Mark Zuckerberg’s proverbial crypto bubble could pop before it even gets the chance to take off as 3 companies backing Facebook’s infamous project Libra consider jumping ship. According to a report by Financial Times, some of the original backers of the crypto project are trying to distance themselves from it, while some are considering cutting off their ties with Libra altogether.
It is no secret that extremely strict scrutiny by regulators is weighing the project down since its launch. Libra, even when it was officially unveiled to the world, was not well received by a vast majority of people, including governments. This is now proving to be the biggest obstacle in the project’s path, and could kill the platform’s newest endeavor before it hits the market.
And even if it does make it to the launch, there would be nothing left of the originally envisioned Project Libra by the social media giant.
Ever since the official whitepaper of Libra was released, it touted about how it would be backed by some of the most prominent names that stretched out to different industries including, MasterCard, Visa, Uber, PayPal, Coinbase and Lyft amongst others. Recent reports suggest that of the 28 investment backers, at least 3 are starting to have second thoughts about their alliance with the social media platform.
This new development puts a damper on Facebook’s initial plan regarding their crypto project. The platform’s plans were to release Libra by next year that is 2020, with the hopes of increasing the number of members in the Libra Association from 28 to 100. However considering how some of the most initial backers are shaky with their partnership, that number maybe harder to reach now.
Now comes the question of the day, what is spooking the investors into loosing their faith and confidence in the forthcoming project? The answer is fairly simple; it is regulators all over the world who are increasingly putting the project under microscopic scrutiny.
The reports have not disclosed the identity of the second guessing investors, however they do reveal that first of the two backers of Libra were concerned about the regulatory spotlight that they were attracting because of it.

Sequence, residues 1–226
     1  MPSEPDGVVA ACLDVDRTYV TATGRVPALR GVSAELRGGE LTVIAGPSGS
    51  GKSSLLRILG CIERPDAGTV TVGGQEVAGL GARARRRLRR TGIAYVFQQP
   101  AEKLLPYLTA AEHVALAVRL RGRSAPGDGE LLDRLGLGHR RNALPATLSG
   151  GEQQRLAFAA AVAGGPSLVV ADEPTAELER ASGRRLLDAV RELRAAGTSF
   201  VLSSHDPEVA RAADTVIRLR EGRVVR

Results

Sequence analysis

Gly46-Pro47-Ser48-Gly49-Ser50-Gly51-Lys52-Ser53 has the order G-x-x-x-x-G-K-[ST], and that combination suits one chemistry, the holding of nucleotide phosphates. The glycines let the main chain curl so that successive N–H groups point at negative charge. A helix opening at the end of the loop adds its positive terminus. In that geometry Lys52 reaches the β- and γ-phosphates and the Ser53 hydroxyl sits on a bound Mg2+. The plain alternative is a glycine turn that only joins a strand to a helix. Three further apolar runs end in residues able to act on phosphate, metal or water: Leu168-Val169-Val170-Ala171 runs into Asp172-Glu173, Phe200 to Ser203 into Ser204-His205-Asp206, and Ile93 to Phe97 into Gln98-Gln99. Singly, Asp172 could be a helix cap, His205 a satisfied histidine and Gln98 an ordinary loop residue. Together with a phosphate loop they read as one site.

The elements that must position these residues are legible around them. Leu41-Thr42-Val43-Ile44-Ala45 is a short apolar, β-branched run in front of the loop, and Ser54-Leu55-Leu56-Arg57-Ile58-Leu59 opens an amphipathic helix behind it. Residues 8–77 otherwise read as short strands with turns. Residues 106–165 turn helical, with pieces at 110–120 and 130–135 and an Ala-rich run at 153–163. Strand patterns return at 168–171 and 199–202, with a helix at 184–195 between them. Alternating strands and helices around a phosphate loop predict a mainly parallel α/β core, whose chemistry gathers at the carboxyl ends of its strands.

One of the backers reportedly shared that they are now apprehensive about supporting Facebook’s project because they fear attracting the attention of agencies that oversee their own business. In simpler words they want to put their own interest above their association with Libra.
I think it’s going to be difficult for partners who want to be seen as in compliance [with their own regulators] to be out there supporting [Libra]
Said one of the founding members of the Libra Association while discussing their apprehensions with the news source. Furthermore, the backers are also reportedly worried about what steps should be taken from here on out considering the regulatory torment that has befallen Libra.
Facebook, on the other hand, isn’t entirely oblivious to the current loss of confidence from its backers however, the social media platform as per the reports, is more frustrated than it is afraid of loosing out its backers. It seems that the team behind Libra was hoping that backers would come to the support of project instead of backing out.
In the past couple of months only, Facebook’s Libra has been bombarded with all kinds of negative comments. From the President of the United States Trump, claiming that the platform’s virtual currency will have little or no standing, to Democratic representative Rashida Tlaib, who called out Libra as a potential crypto mafia. It’s crystal clear that people are afraid of the threats that will accompany the project, like money laundering, tax evasion and disruption to wider financial stability.
Deducing from all the bad press that the social media giant is receiving, it’s evident that people are not willing to put their trust in the hands of a platform that has developed a bad reputation for mishandling customer privacy.
Just recently Facebook agreed to pay a record $5 billion to resolve a U.S. investigation into years of privacy violations, a settlement that increases the board of directors’ responsibility for protecting users’ data. Which begs the question; can the platform be trusted with something as sensitive as financial information?